Colorado Milling & Elevator Co. v. Commissioner of Internal Revenue, 205 F.2d 551 (10th Cir. 1953)

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U.S. Court of Appeals for the Tenth Circuit - 205 F.2d 551 (10th Cir. 1953) June 19, 1953

Howard W. Rea, of Washington, D. C. (Mason A. Lewis and Richard M. Davis, Denver, Colo., on the brief), for petitioner.

Harry Marselli, Sp. Asst. to the Atty. Gen. (H. Brian Holland, Asst. Atty. Gen., and Ellis N. Slack, Sp. Asst. to the Atty. Gen., on the brief), for respondent.

Before HUXMAN, MURRAH and PICKETT, Circuit Judges.

HUXMAN, Circuit Judge.

Petitioner sought a redetermination of excess profits tax deficiencies for the fiscal years 1944 and 1945. It claimed that inventory losses for 1938 and 19391  for wheat on hand, resulting from violent drops in wheat prices, resulted in abnormally low net income for those two years and thus resulted in an unrealistic picture of its net profits for the four base years, for the purpose of computing its excess profits for excess profits tax purposes. Its position is that in determining its net income for the years 1938 and 1939 for the determination of excess profits it is entitled to have restored to the inventory price of wheat on hand the sharp drop in price during those two years. In short, its position is that the cost of the wheat on hand for those two years, which was claimed as a deduction from its gross receipts, constitutes abnormal deductions for the purposes of Section 711(b) (1) (J) of the Internal Revenue Code, 26 U.S.C.A., and should thus be disregarded.

A motion has been filed by respondent to dismiss the petition for review on the ground of lack of jurisdiction. Respondent contends that the determination of the question presented by the appeal arises solely by reason of Section 711(b) (1) (J) and that jurisdiction to review or redetermine such a question is vested exclusively in the Tax Court.

Section 732(c) in part provides that "If in the determination of the tax liability * * * the determination of any question is necessary solely by reason of section 711 (b) (1) (J) * * * the determination of such question shall not be reviewed or redetermined by any court or agency except the Board."

Respondent's position finds support in decisions by the Ninth, Third and Second Circuits.2  Petitioner contends that these cases do not control because the controversy here involves a consideration of Section 23 as well as Section 711(b) (1) (J) and that, therefore, the court has jurisdiction as found by the Ninth Circuit in Stimson Mill Co. v. Commissioner, 163 F.2d 269, and by the Sixth Circuit in Dowd-Feder, Inc., v. Commissioner, 173 F.2d 673. A careful consideration of the case compels the conclusion that this position is not well taken. Section 23 of the Internal Revenue Code deals solely with deductions from gross income for the purpose of computing net income. It merely provides what may be subtracted from gross income for the purpose of fixing net income. It does not mention abnormal deductions. The net income resulting from taking the deductions authorized by Section 23 becomes the net income for computing excess profits for excess profits tax purposes, unless there are abnormalities or unusual circumstances which Congress thought ought to be taken into consideration in determining excess profits for tax purposes. What abnormalities should be taken into consideration for the purpose of adjusting normal income is determined solely by a consideration of Sections 721 and 722 and in our case Section 711(b) (1) (J). Section 23 has no bearing upon that question and need not be considered in determining the answers to our problem.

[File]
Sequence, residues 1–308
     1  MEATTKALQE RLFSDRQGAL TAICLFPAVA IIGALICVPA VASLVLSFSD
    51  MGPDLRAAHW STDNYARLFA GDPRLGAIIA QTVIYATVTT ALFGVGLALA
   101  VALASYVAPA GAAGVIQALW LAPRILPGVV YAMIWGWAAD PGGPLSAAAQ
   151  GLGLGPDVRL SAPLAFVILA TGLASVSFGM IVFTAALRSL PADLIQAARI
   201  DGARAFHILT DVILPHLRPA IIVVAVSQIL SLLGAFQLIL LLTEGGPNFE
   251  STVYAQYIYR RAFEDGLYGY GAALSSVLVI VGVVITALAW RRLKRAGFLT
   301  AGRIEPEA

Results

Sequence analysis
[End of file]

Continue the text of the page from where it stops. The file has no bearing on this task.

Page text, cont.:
Petitioner in substance concedes this because while at the beginning of its brief in opposition to the motion to dismiss it states, "This case involves the question of (1) whether Section 23 of the Code * * * is to be read into Section 711(b) (1) (J) * * * and (2) whether losses of corporations, authorized as deductions from gross income in Section 23(f), lose that character for purposes of Section 711 (b) (1) (J) * * *", no attempt is made to show what consideration must be given to Section 23 in determining the question or how it is to be read into Section 711. In its brief on the merits, petitioner in effect concedes that the question which it seeks to raise arises solely from a consideration of Section 711(b) (1) (J). On the first page of its brief it states that with respect to these losses, "Under Section 711(b) (1) (J) of the Internal Revenue Code petitioner is entitled to restore deductions abnormal in class or amount to its base period income, in determining its excess profits tax credit * * *." It further states that "Petitioner contended that deductions for the cost of the wheat sold, claimed and allowed on its income tax returns for the fiscal years 1938 and 1939, constituted `deductions' (abnormal in class or amount) within the meaning of Section 711(b) (1) (J) * * *." At the beginning of its argument on Page 10 it is again stated that the question arises under Section 711(b) (1) (J).

It is our conclusion that the question of abnormal deductions during 1938 and 1939, if any, and the treatment to be accorded them arises solely under Section 711(b) (1) (J) and that by virtue of Section 732 we are without jurisdiction to review the decision of the Tax Court. The motion to dismiss the petition for review is, therefore, sustained.


1938 and 1939 were two of the four base years upon which petitioner's normal income was computed


See James F. Waters, Inc., v. Commissioner, 9 Cir., 160 F.2d 596; Colonial Amusement Co. of Philadelphia v. Commissioner, 3 Cir., 173 F.2d 568; George Kemp Real Estate Co. v. Commissioner, 2 Cir., 182 F.2d 847